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Line Drivers       Line Drivers    Line Drivers

Image Credit: Avago Technologies | 1-Source Electronic Components | Patton Electronics Co.

   

Line drivers extend the transmission distance between terminals or computers connected along private lines or networks. They improve connectivity across local area networks (LAN), two-wire and four-wire copper telephone lines, and leased T1 or T3 connections. Some line drivers are called short haul modems because they facilitate xDSL, VDSL, and G.SHDLS transmissions. The term xDSL refers to a family of technologies such as symmetric digital subscriber line (SDSL) and asymmetric digital subscriber line (ADSL). SDSL uses the same data rates for upstream and downstream traffic. ADSL uses different rates for each type of traffic. Very-high bit-rate digital subscriber lines (VDLS) can transmit data as far as 50 m at speeds up to 26 Mbps. G.SHDSL or G.991.2 line drivers use a form of symmetric DSL developed by the International Telecommunications Union (ITU), an organization formerly known as the CCIT.

  

How to Select a Line Driver

   
Selecting line drivers requires an analysis of performance specifications, mounting styles, form factors, and special features. Performance specifications include supply voltage, data rate, propagation delay, pulse skew, transmission time, channel-to-channel skew, harmonic distortion and jitter. Some line drivers mount in telecommunications racks. Others are designed to stand alone or have an integrated circuit (IC) form factor. Typically, line driver features are a function of the larger communications infrastructure. For example, fiber optic networks provide data security, total electrical isolation, lightning and surge protection, and immunity from electromagnetic interference (EMI) and radio frequency interference (RFI).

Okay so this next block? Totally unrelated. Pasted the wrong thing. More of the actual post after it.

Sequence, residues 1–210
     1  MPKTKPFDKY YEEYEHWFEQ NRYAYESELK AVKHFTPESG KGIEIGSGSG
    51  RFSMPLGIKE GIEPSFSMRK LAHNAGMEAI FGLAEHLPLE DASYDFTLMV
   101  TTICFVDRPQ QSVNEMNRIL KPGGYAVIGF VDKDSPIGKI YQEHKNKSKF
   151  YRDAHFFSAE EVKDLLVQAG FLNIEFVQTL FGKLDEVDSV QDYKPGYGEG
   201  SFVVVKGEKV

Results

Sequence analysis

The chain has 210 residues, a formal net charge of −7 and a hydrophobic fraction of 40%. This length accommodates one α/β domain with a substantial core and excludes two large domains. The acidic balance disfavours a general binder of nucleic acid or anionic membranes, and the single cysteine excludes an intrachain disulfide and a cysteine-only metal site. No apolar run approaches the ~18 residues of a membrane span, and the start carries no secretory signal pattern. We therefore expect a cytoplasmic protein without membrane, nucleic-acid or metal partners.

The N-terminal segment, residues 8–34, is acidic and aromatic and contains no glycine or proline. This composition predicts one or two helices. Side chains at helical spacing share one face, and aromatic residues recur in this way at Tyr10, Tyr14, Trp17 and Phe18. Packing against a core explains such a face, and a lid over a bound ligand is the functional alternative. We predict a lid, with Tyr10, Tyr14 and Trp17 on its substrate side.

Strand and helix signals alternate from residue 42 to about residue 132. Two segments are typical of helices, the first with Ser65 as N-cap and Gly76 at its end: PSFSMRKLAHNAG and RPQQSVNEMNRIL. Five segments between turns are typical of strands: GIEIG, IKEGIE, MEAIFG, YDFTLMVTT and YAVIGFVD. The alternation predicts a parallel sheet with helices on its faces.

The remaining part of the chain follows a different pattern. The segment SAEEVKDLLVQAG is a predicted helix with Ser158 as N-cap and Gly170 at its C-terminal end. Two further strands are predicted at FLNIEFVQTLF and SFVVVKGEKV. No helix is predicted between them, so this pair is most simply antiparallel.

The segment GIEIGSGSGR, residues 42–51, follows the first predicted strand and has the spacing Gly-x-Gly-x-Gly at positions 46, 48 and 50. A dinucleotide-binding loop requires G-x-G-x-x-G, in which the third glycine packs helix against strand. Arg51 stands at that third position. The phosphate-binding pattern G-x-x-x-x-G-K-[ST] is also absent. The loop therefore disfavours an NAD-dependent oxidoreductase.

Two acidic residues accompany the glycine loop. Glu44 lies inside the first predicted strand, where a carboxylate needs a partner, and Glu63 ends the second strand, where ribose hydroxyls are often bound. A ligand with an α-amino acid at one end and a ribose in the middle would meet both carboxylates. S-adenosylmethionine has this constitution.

Different Form Factors and Technology Families

   
Line drivers with an integrated circuit (IC) form factor differ in terms of logic family and package type. Logic families for line drivers include complementary metal-oxide semiconductor (CMOS,) emitter coupled logic (ECL), and low voltage differential signaling (LVDS). CMOS uses a combination of p-type and n-type metal-oxide-semiconductor field effect transistors (MOSFET). ECL also uses transistors, but to steer current through gates that compute logical functions. Low voltage differential signaling (LVDS) line drivers provide low skew, differential signaling, and speeds up to 1350 MHz. Package types for line drivers include small outline integrated circuit (SOIC) and quad flat package (QFP).

   

Related Standards

  

  • DESC-DWG-78023 -MICROCIRCUITS, LINEAR, QUAD HIGH SPEED DIFFERENTIAL LINE DRIVER MONOLITHIC SILICON
  • GSFC-S-311-P-82 - PROCUREMENT SPECIFICATION FOR BIPOLAR MICROCIRCUITS, TYPE DS7820A DUAL DIFFERENTIAL LINE RECEIVER; TYPE DS7830 DUAL DIFFERENTIAL LINE DRIVER
  • MIL-M-38510/104 - MICROCIRCUITS, LINEAR, LINE DRIVERS AND RECEIVERS, MONOLITHIC SILICON